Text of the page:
“Beyond grain, this will have a longer-term impact on the protein trade, causing shifting trade patterns, and threatening big meat exporters unless new markets are found,” said Nelson.
China: New swing factor
“Profound shifts appear to be underway in terms of China’s ability to be self-sufficient in key feed grains that could have significant implications for the industry globally,” said Nelson. “For the first time in 15 years, China will import a meaningful amount of corn this year.”
China’s need for feed grains is likely to accelerate with its plans to rapidly industrialize meat production, which inherently reduces feed input flexibility and shifts animal diets toward standard rations, typically dominated by corn or feed-grade wheat. When considered in the context of net growth in China’s soybean imports over the past decade, the order of magnitude of China’s potential need for corn imports is enormous — in the tens of millions of tons annually.
It looks increasingly likely that this need may come much sooner than many had previously predicted. While the industrialization policies are partly driven by food safety concerns and partly by the need for efficiency, there are also overriding market forces such as the natural evolution in food retailing and foodservice that take place as economies mature.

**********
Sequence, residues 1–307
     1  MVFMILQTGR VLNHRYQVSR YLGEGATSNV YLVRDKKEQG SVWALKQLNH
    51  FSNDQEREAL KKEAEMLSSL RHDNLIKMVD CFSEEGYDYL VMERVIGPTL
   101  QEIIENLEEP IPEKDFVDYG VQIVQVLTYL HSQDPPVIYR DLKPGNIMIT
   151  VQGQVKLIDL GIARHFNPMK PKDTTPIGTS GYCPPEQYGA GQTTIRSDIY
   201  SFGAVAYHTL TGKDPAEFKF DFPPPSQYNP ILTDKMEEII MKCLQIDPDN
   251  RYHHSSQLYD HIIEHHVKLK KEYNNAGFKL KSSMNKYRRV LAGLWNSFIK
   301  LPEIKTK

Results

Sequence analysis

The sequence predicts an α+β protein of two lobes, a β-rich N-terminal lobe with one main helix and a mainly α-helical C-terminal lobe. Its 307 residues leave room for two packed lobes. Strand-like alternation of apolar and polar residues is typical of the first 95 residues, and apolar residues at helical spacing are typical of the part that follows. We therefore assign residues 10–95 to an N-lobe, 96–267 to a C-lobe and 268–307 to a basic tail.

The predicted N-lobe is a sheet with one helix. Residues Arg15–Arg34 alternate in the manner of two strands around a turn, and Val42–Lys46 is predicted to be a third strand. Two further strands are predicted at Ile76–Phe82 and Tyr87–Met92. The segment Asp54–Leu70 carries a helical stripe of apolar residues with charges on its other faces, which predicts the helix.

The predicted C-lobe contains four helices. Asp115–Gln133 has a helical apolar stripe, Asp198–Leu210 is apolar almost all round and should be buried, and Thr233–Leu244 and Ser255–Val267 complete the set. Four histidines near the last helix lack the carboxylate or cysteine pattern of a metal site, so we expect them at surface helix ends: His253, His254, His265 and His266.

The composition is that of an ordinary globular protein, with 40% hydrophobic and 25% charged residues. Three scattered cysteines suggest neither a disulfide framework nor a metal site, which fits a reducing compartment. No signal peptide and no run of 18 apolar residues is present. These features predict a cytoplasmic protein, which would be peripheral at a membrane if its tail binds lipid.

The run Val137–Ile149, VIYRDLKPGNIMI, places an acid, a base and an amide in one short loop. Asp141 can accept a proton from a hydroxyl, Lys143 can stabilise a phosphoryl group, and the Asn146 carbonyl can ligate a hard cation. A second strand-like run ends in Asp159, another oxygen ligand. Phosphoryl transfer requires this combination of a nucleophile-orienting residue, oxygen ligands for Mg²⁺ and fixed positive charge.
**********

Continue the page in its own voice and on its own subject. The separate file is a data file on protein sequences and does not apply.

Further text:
India: An emerging swing factor
“The bottom line is that we see India shifting from a soymeal exporter to an importer over the next few years, which represents about a 6 million ton swing,” said Nelson.
While this growth in soymeal consumption is high in percentage terms, the starting base is quite low so the impact on world tonnage will be somewhat small. What might be most unappreciated by the world’s protein players is the large and growing role of India’s beef (buffalo) exports in global meat markets. Consumption of milk from buffalo is growing about 6.5 percent each year, which is faster than the growth in domestic beef consumption. This has made India the fourth largest exporter of beef in the world. The low cost of this product makes it especially attractive in Middle Eastern and Asian markets where the product competes on price with chicken.
“With ample and reliable rainfall, supportive industry leaders and government, and plenty of untapped land potential, the future looks bright for agriculture in Brazil,” said Nelson. “However, we see two big challenges on the horizon that may affect the profitability of future growth prospects: currency and infrastructure.”
While currency appreciation is reducing the country’s relative advantages, Brazil’s infrastructure weakness has been magnified by growing production, and is the primary challenge. It often costs between $2 and $3 to ship a bushel of crops from Mato Grosso, Brazil, to port, which is about twice as much as it costs to ship a bushel of grain from the United States to China. While infrastructure is improving, it is coming at a slow pace – slower than agricultural output is growing.
However, Nelson said, “improvement in Brazilian infrastructure could eventually unlock a vast quantity of productive land and crop output.”